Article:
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. Last Updated: 07/27/2016

Are Kremlin Stars In the Descendant?

Red star or red faces?

Komsomolskaya Pravda reported Wednesday that President Boris Yeltsin was going to take down a red star from a Kremlin tower and replace it with a double-headed eagle.

The newspaper, quoting "reliable sources," said that this would take place on Thursday at 4 P.M. It said that the Beklemishevskaya Tower overlooking the river had been selected to give crowds across the river a grandstand view and the president a chance to see if he wanted the other five star-topped towers to look the same way.

The Moscow streets would be cleared, the paper added, and a helicopter and giant crane would be mobilized to erect the new symbol, made of a copper-nickel alloy.

When asked, Alexander Gusev, deputy commandant of the Kremlin, said Wednesday that he knew nothing about the star-removal ceremony.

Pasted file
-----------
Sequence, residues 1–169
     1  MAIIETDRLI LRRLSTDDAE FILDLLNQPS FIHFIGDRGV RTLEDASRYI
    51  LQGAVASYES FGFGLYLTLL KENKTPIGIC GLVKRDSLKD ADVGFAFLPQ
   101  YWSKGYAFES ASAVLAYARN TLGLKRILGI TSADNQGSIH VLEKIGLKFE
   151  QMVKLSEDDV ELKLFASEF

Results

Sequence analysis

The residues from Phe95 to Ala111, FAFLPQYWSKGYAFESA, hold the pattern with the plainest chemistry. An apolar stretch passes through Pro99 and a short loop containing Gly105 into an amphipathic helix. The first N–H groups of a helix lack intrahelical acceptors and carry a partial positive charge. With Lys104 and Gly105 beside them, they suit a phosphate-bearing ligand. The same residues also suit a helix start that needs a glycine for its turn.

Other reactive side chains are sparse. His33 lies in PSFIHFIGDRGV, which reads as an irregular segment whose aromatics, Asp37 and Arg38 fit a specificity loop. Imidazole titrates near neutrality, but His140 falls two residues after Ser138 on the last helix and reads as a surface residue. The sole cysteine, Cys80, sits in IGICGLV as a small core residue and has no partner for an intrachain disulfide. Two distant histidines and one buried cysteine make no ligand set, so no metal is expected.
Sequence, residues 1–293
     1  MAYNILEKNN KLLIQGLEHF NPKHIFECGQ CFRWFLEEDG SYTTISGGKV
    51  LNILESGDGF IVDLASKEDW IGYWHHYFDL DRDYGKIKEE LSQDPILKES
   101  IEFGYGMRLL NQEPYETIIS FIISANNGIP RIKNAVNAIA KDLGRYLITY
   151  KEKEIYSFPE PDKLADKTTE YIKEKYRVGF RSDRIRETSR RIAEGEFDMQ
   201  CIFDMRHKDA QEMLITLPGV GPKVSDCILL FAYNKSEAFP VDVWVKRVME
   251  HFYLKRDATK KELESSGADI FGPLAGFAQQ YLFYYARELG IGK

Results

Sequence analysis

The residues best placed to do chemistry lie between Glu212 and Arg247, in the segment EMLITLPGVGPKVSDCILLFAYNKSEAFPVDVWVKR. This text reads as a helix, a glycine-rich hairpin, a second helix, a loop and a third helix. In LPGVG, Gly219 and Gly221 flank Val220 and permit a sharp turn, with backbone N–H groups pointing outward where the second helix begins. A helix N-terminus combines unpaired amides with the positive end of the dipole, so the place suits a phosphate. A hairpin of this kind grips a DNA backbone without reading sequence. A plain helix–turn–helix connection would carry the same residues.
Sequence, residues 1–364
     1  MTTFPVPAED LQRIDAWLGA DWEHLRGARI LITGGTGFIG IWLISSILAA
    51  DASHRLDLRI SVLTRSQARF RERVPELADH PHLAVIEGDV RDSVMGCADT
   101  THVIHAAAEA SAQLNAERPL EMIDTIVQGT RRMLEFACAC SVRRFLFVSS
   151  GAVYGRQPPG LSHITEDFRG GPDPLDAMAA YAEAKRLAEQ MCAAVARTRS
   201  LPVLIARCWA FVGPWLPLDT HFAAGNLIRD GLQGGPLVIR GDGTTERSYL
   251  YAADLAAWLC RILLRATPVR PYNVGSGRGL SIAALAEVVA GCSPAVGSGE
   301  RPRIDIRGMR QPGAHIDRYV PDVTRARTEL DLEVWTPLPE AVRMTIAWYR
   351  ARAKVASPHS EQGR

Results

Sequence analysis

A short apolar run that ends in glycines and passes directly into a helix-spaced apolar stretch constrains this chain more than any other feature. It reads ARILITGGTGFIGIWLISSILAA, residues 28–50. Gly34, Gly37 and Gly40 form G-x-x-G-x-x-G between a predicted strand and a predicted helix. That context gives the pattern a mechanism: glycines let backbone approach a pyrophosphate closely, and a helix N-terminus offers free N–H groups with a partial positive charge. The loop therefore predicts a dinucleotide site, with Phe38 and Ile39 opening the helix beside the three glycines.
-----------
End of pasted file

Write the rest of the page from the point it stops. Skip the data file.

"The information is untrue. Nothing will happen," he said. "No decisions have been taken.

"Maybe they are preparing early for April Fool's Day," he speculated.

He turned out to be right -- although at least one Western news agency picked up the report without realizing it was a joke.

The hoax report, in fact, played artfully with history. The Italian architect who built the tower in 1487 was named Marco Ruffo. The "author" of the Komsomolskaya Pravda article was one Mark Ruffov and the crane he mentioned was called a "Skiyaki-1487."

It was quite easy to lend credence to the report. Six of the 20 Kremlin towers are topped by the huge illuminated five-pointed stars, which were put up in 1937. Last October a copy of a draft decree circulated in Moscow which ordered the removal of the stars and the reburial of Lenin.

Presidential chief of staff Sergei Filatov confirmed the draft but said Yeltsin would proceed "step by step," starting with the reburial of the tsar's family, expected some time this year.

One more question: Why was Komsomolskaya Pravda celebrating April Fool's Day two days early?

"But it's tomorrow!" said a photographer at the paper, who had been bothered all morning by news agencies.

Then he looked at the date.